Player preparation underway
From Azarenka to Federer and Djokovic, top-tier players ready for Wimbledon
WIMBLEDON, England -- A screaming, originating from Court 18 here at the All England Club, came across the sky.
And you didn't have to see Victoria Azarenka -- who was emitting her signature ear-unfriendly shrieks as she traded groundstrokes with Eugenie Bouchard -- to know it was her. The two-time Australian Open champion has played only two matches since a foot injury in January, but she was back to grinding Saturday, two days before Wimbledon 2014 begins to unfold.
And, despite losing four days ago in Eastbourne to Camila Giorgi, Azarenka was moving pretty well.
And it happened in a virtual vacuum. With no fans jamming the grounds, all of the players were happy to move freely about the cabin. The on-site bank and the Wimbledon store were closed. So was the strawberries and cream concession. The only folks sitting on Henman Hill were a bunch of ball kids, listening intently to their supervisor. The practice courts in Aorangi Park were bristling with energy on a gloriously sunny day:
Milos Raonic, under the eyes of his father, Dusan, stuck about 100 consecutive accurate volleys on Court No. 1 ... On Court No. 2, Donald Young practiced with his parents, Illona and Donald Sr. ... Sam Querrey, laughing with a coach, sat on the grass and pulled on a new pair of white sneakers on Court No. 3 ... Sabine Lisicki, a finalist here a year ago, adjusted her hair band after a brisk workout ... Petra Kvitova, Stan Wawrinka and Jo-Wilfried Tsonga all chatted with their teams ... Giorgi shanked a forehand off the frame that was airborne longer than a stout NFL punt.
Did you know? This will be the 128th staging of the Lawn Tennis Championships, which began in 1877 with Britain's Spencer Gore defeating William Marshall, also of Britain, 6-1, 6-2, 6-4.
Although many players were hitting the practice courts, the stars of the ATP World Tour and WTA were meeting the press in their pre-tournament interviews. Some highlights:
"I don't remember that match," Nadal said, drawing laughter from the scribes. "I came back home [after Roland Garros]. I didn't practice tennis for a while. I went a few days with the family, the friends. I was able to go to a party on Saturday with my friends. I was able to go to the beach few days in Mallorca. Work little bit physical performance in the gym. I needed a few days off for my back after a lot of stress in Roland Garros."
Nadal is a rabid soccer fan, but he said the shocking exit of Spain from the 2014 World Cup in Brazil would not affect his concentration here one way or another. "For me, doesn't make one difference for my motivation," he said. "I am sad. Everybody in Spain is sad for what happened in the World Cup. I am not more motivated because Spain lost in the World Cup.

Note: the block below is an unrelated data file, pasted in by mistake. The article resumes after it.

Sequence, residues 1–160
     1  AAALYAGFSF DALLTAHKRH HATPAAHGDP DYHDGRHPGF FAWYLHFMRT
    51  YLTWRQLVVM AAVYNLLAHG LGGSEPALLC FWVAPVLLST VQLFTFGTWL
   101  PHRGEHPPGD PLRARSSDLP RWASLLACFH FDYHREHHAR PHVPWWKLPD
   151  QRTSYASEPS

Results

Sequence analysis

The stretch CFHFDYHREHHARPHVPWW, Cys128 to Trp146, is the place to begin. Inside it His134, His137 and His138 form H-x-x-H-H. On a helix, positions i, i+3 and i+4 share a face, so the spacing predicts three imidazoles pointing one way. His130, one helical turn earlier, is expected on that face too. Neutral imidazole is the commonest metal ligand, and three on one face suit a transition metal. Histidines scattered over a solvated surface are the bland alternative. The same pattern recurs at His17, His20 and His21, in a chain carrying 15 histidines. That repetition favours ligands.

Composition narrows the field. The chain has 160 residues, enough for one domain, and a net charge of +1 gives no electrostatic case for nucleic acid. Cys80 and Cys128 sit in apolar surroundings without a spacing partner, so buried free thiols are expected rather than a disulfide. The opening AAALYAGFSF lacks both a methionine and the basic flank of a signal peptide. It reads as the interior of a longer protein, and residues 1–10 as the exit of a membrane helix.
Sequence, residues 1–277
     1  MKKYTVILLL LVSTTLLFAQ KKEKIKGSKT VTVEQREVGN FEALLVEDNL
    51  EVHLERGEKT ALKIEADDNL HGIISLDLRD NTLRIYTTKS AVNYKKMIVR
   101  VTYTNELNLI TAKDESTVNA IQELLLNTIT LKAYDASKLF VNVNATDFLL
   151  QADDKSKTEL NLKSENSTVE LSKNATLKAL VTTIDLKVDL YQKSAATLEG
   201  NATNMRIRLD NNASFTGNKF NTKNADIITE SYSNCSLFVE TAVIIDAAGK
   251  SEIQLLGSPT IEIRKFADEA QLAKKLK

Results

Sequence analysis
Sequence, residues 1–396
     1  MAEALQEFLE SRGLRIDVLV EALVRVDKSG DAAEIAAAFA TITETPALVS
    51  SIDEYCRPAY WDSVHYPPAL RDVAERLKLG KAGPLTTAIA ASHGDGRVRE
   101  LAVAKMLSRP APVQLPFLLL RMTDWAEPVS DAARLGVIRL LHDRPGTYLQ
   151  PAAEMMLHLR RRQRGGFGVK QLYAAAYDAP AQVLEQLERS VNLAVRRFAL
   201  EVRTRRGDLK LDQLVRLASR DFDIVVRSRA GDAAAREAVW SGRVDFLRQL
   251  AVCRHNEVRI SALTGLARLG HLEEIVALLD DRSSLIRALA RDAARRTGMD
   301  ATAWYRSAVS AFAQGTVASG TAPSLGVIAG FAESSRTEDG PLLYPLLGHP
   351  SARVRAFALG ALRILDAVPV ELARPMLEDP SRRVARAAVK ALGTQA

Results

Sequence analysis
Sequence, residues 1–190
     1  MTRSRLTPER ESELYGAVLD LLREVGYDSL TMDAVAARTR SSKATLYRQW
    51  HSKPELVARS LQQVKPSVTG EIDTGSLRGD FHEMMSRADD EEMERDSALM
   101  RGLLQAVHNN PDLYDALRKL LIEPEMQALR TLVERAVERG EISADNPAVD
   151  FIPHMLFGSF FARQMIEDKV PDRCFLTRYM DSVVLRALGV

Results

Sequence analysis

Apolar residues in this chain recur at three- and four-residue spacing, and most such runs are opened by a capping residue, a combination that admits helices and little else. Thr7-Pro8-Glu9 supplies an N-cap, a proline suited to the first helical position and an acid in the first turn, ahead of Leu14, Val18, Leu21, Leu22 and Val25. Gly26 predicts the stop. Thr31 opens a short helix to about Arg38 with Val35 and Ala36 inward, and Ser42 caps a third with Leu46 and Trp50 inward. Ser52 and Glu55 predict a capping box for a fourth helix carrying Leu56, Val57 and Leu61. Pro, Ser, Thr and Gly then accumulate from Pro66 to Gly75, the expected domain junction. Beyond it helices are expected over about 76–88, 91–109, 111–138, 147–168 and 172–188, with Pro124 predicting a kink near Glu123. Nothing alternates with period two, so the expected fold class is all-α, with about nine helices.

"Everybody who understand about sport understand that there is a beginning, there is an end of things. Is difficult to make changes on the team when the team had the success that this team had. So now after that loss, you feel free to make the changes. Was only the first half against Holland was positive. After that, everything was so negative."
Maria Sharapova, who has now won two of the past three French Opens, said there wasn't a lot of time to lose herself in celebration. "To be honest," she said, "it's such a quick turnaround, you get to celebrate for a day or so and you think about it. But when you transition here, when I got off the train in London, you change your mode, you change your thinking; you've got to start from the beginning. I don't like to come into this tournament thinking, 'I just won a Grand Slam.' I like to challenge myself and be hungry. I don't want to think about what happened two weeks ago."
Seven-time Wimbledon champion Roger Federer, dismissing a wave of punditry to the contrary, said he didn't think his best chance to win an 18th Grand Slam singles title was necessarily at Wimbledon. "I mean, I feel like, yeah, if things click here, yeah, I should be able to win the tournament here. Whereas at the French, I feel like I'm slightly more dependent on Rafa. But that doesn't mean I don't believe I can win the French, either. I feel like if I play my game it's more on my racket. It's the same for Wimbledon. I feel I have a very good chance again this year. I hope to utilize my fitness, the amount of matches I've played this year. So I'm really coming in with a much better feeling than maybe in the last year, for instance."
Sportswriters have been known to be a tad presumptuous, as No. 1 seed Serena Williams demonstrated.
Your French Open defeat, how long did it take you to get over it?
"Who says I was over it?" Serena asked, smiling coyly. "I doubt it. Knowing me, no."
The five-time champion here said she didn't watch any of the French Open after getting bounced in the second round by Garbine Muguruza.
"I've been doing just a lot of training," Serena said, "just working out, trying to get ready for the next event, which so happened to be Wimbledon."
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